tl;dr Linux has namespaces, in particular, network namespaces. It seems the namespace supposedly created via the -n flag when running systemd-nspwawn does not show up when employing ip netns list (neither in the host nor in the supposedly created namespace). It is either systemd-nspawn or ip netns not actually dealing with Linux namespaces (something I thought to be this: https://lwn.net/Articles/531114/#series_index)?

longer story:
I use the following command to run a "light-weight container" of Arch Linux from within my Arch Linux:

systemd-nspawn -nbUD /mntpointArchLinuxSysFs

the data at /mntpointArchLinuxSysFs has been bootstrapped, and "runs/boots" well. The man systemd-nspawn tells me that the -n options-flag means:

-n, --network-veth

Create a virtual Ethernet link ("veth") between host and container. The host side of the Ethernet link will be available as a network interface named after the container's name (as specified with --machine=), prefixed with "ve-". The container side of the Ethernet link will be named "host0". The --network-veth option implies --private-network.

In turn, the implied --private-network is explained thus


Disconnect networking of the container from the host. This makes all network interfaces unavailable in the container, with the

exception of the loopback device and those specified with --network-interface= and configured with --network-veth. If this option is specified, the CAP_NET_ADMIN capability will be added to the set of capabilities the container retains. The latter may be disabled by using --drop-capability=. If this option is not specified (or implied by one of the options listed below), the container will have full access to the host network.

which seems to be a feat which is achieved via Linux namespaces, in particular Linux network namespaces, this that the started processes (i.e. the init of the container at /mntpointArchLinuxSysFs/bin/init and all child processes are in a different network namespace, i.e. are --private-network and only have the veth (virtual ethernet pair) as a remaining connection to the host namespace/system.

Using lsns shows that indeed systemd-nspawn created a namespace

root@host$> lsns | grep net
4026531992 net       183     1 root     /sbin/init
4026532332 net         1   824 rtkit    /usr/lib/rtkit-daemon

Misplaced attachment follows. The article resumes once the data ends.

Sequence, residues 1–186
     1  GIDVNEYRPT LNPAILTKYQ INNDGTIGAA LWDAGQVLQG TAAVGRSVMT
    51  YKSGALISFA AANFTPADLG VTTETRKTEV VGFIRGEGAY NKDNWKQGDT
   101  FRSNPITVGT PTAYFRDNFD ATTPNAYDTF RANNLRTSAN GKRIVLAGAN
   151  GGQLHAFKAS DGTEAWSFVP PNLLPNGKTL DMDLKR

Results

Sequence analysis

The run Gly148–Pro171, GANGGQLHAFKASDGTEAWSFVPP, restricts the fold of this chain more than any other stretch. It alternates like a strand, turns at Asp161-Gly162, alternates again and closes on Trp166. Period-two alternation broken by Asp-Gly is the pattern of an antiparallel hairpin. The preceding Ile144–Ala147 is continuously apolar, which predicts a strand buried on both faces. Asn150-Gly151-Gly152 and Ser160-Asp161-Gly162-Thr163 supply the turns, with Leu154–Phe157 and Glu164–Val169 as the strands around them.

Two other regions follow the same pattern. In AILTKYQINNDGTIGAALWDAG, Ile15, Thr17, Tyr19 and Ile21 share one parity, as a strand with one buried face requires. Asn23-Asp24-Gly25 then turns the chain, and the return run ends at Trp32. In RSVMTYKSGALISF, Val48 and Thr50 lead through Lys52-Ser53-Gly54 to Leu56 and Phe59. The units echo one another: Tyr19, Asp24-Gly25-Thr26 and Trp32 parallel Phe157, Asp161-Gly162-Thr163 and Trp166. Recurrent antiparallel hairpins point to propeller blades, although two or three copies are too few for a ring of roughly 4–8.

4026532406 net         7  4697 vu-mnt-0 /usr/lib/systemd/systemd

However ip netns list does refuse to "play along":

root@host$> ip netns list

Then is I for the sake of understanding create a dummy namespace via ip netns like this

root@host$> ip netns add dummy_netns
root@host$> ip netns list

A network namespace is displayed, however, misses ironically in the lsns.

In conclusion, it seems to be unclear how the term "network namespace" is used in systemd-nspawn, ip netns as my test seem to suggest they might not really be the same thing? Maybe the term is ambiguous?


this part of the systemd-nspawn man page suggest imho, however that indeed both iproute and systemd-nspawn refer to the same thing in terms of network namespaces.

--network-namespace-path= Takes the path to a file representing a kernel network namespace that the container shall run in. The specified path should refer to a (possibly bind-mounted) network namespace file, as exposed by the kernel below /proc/$PID/ns/net. This makes the container enter the given network namespace. One of the typical use cases is to give a network namespace under /run/netns created by ip-netns(8), for example, --network-namespace-path=/run/netns/foo. Note that this option cannot be used together with other network-related options, such as --private-network or --network-interface=.

Even though the last part stating that it cannot be used with the --private-network option again seems to suggest some sort of distincion. what is going on here?

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